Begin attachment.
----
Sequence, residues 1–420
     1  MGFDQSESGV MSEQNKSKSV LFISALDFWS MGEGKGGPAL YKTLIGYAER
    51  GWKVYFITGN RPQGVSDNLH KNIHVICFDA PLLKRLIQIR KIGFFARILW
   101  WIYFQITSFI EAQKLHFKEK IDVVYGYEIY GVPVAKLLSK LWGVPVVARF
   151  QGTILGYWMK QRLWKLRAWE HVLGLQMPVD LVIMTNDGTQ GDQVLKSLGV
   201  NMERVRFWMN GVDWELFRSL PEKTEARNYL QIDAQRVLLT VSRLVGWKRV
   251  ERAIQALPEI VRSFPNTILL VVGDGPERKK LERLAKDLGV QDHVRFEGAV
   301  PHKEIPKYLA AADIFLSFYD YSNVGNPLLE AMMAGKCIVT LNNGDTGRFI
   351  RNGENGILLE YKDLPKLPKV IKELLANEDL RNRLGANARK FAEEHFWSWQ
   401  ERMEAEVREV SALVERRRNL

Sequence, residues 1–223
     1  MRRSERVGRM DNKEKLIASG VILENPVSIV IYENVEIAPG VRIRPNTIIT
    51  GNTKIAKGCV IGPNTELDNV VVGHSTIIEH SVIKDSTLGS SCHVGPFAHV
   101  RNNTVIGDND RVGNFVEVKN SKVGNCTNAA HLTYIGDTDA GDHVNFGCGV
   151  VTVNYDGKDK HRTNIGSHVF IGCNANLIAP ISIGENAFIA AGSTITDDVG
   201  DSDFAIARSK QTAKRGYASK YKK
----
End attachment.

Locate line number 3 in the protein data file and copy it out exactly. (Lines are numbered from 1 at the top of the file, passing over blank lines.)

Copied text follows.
    51  GWKVYFITGN RPQGVSDNLH KNIHVICFDA PLLKRLIQIR KIGFFARILW